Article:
And in the British Grand Prix, Massa qualified well in the rain and came home in fourth place, his best result of the season. In fact, it was his best result since 2010.

But one decent finish didn't prove a great deal. Felipe needed two good races before the summer break (a point at which a team may, if they haven't already, make a decision about their driver lineup for the next year).

In Germany, a first-lap accident dropped Massa to the rear of the field and he could only fight back to finish 12th. And in Hungary, a poor start from seventh left the Brazilian ninth after the first lap.

A race distance later, that was where he finished.


Has he proved a point?

The improvements in pace Massa has shown as the season has progressed won't harm his cause. In terms of pure pace, he appears to be largely within the window Ferrari want him operating in—within a few tenths of Alonso, with occasional blips.

Trouble is, he just isn't getting it done in the races. The pace he has means nothing if he can't convert it to good finishes.

It's true that he's had some poor luck here and there—Valencia, for example—but in Formula 1, a driver makes a lot of his own luck. If someone runs into trouble, it's usually because he put himself in trouble's way.

It doesn't matter that Felipe can point to a timesheet and say he was only 0.143-seconds slower than his teammate over the course of a lap.

What matters is the fact that, since he became able to drive the car at a half-decent pace (Monaco onwards), Massa has scored 23 points.

Alonso has scored 103.

I don't think he's done enough—and if he's still in F1 next year, it'll be a huge surprise.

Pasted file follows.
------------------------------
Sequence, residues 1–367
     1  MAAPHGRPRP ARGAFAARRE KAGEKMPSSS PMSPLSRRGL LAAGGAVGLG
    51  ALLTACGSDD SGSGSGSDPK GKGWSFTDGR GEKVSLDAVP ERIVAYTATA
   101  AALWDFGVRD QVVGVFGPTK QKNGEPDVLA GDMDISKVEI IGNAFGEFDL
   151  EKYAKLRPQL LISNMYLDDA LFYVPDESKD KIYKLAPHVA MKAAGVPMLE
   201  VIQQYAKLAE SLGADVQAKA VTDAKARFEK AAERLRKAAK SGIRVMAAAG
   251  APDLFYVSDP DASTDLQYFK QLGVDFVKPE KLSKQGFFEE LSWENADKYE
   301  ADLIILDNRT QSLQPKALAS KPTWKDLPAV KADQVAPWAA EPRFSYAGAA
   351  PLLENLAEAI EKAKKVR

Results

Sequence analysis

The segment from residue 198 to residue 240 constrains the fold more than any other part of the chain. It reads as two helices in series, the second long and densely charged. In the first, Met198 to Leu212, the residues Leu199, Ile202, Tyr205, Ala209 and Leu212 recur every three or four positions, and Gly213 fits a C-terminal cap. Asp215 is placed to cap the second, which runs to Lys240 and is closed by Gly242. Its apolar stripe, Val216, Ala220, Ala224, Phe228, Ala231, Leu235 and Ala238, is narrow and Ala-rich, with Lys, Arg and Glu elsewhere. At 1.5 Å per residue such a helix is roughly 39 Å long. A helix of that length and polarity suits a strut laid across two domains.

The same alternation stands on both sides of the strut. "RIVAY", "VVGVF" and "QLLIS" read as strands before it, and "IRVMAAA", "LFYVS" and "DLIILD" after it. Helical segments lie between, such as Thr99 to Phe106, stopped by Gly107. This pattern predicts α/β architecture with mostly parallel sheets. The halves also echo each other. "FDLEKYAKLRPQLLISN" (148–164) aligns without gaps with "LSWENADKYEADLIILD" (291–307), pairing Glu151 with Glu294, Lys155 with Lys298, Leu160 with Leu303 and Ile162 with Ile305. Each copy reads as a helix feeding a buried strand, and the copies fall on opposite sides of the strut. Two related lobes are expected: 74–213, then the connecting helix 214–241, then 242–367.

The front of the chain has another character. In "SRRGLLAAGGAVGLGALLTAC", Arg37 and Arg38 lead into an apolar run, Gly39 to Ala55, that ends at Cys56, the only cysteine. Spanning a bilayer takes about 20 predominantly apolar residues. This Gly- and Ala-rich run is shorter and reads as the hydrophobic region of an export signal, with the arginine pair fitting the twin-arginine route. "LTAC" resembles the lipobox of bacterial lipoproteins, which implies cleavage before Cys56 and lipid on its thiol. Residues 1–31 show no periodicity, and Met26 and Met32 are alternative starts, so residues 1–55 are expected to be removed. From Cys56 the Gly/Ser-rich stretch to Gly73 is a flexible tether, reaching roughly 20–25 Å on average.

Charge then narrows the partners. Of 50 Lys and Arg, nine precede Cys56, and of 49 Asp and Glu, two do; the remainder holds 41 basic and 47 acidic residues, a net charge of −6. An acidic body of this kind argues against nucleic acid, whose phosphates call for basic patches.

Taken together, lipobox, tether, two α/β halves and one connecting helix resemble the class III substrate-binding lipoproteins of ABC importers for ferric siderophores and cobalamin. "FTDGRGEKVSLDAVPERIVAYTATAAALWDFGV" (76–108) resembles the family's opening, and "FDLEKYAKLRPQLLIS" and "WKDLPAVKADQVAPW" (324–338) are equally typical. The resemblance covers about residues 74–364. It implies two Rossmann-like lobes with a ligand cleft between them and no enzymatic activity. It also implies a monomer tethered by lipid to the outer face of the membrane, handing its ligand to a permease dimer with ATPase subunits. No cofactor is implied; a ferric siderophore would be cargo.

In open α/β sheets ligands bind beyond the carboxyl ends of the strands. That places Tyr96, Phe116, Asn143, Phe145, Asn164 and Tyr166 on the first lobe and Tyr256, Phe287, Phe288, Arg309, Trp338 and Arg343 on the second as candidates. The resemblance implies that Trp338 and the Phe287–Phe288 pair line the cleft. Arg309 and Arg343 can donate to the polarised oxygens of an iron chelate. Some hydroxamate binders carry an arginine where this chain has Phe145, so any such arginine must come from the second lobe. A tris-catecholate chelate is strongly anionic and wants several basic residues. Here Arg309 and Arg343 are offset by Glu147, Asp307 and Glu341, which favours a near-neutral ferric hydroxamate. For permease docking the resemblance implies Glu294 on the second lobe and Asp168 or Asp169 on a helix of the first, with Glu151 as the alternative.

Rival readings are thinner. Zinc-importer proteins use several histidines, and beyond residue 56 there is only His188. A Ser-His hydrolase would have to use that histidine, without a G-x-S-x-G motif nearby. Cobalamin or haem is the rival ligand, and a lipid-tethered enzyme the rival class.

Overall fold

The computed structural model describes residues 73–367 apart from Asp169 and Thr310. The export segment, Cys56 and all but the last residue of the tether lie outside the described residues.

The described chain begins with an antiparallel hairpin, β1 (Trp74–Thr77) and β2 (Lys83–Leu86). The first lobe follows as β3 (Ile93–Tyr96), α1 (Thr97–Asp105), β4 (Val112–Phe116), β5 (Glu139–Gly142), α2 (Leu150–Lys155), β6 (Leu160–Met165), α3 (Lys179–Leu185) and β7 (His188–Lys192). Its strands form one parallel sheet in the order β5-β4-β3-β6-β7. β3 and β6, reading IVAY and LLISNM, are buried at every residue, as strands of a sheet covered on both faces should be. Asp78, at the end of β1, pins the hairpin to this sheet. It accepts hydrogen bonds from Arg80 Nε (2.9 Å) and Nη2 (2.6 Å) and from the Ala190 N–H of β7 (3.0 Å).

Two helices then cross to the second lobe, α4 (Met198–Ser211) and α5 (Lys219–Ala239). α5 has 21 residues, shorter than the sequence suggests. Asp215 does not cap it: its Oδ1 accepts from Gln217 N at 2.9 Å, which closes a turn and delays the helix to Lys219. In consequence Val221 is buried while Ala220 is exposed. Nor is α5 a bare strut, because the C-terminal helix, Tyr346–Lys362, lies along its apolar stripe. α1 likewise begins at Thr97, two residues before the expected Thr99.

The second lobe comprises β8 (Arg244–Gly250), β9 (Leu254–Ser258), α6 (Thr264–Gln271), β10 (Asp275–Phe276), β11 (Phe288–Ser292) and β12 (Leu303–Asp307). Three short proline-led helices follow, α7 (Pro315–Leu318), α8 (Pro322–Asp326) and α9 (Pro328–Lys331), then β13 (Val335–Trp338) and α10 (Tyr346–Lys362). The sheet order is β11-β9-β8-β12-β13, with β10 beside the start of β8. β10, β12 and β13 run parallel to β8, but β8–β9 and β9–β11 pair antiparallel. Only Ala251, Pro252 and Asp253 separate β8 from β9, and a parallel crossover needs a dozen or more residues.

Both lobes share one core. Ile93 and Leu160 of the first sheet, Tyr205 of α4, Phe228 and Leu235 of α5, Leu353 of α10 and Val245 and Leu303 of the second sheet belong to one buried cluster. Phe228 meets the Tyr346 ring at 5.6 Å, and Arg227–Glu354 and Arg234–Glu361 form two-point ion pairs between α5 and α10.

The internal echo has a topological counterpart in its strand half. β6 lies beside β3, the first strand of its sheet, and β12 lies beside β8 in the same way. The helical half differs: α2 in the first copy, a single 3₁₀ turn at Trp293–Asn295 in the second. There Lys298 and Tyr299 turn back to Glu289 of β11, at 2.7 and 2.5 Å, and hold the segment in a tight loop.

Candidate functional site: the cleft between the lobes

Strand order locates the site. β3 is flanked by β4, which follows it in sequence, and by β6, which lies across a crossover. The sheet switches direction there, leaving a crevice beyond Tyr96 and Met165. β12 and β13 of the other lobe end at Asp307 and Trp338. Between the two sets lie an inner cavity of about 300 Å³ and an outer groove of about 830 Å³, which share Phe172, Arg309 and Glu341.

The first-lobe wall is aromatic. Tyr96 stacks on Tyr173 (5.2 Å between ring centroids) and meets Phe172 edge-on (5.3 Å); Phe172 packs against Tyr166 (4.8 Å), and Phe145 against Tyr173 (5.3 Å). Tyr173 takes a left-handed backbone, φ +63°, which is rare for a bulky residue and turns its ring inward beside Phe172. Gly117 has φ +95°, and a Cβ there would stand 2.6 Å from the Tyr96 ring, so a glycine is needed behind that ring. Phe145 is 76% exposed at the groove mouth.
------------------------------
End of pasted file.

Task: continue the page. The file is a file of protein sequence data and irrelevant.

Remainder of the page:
Follow me on Twitter if you wish, @JamesNeilsen

 

Halfway Through the 2012 F1 Season That Has Never Failed to Thrill

By BRAD SPURGEON via IHT, nytimes.com

F1 Drivers Parade: Fernando Alonso in an Austin Healey Image by Gregory Moine via Flickr

HOCKENHEIM, Germany — We have now arrived at the halfway point of the longest Formula One season in history — 20 races, ending at the end of November — and I think it is safe to say that there has not yet been a boring race.

Formula One
Formula One

A view from the paddock with Brad Spurgeon.

The German Grand Prix at Hockenheim on Sunday began looking as if it might end up a boring affair as Fernando Alonso scored pole position during a superb qualifying in treacherous, wet conditions and the Spaniard in the Ferrari looked set to hold onto the lead to the end. But with 25 laps left in the 67-lap race, a sudden teasing game began when Jenson Button in a McLaren managed to pass Sebastian Vettel in a Red Bull and take second position after starting sixth.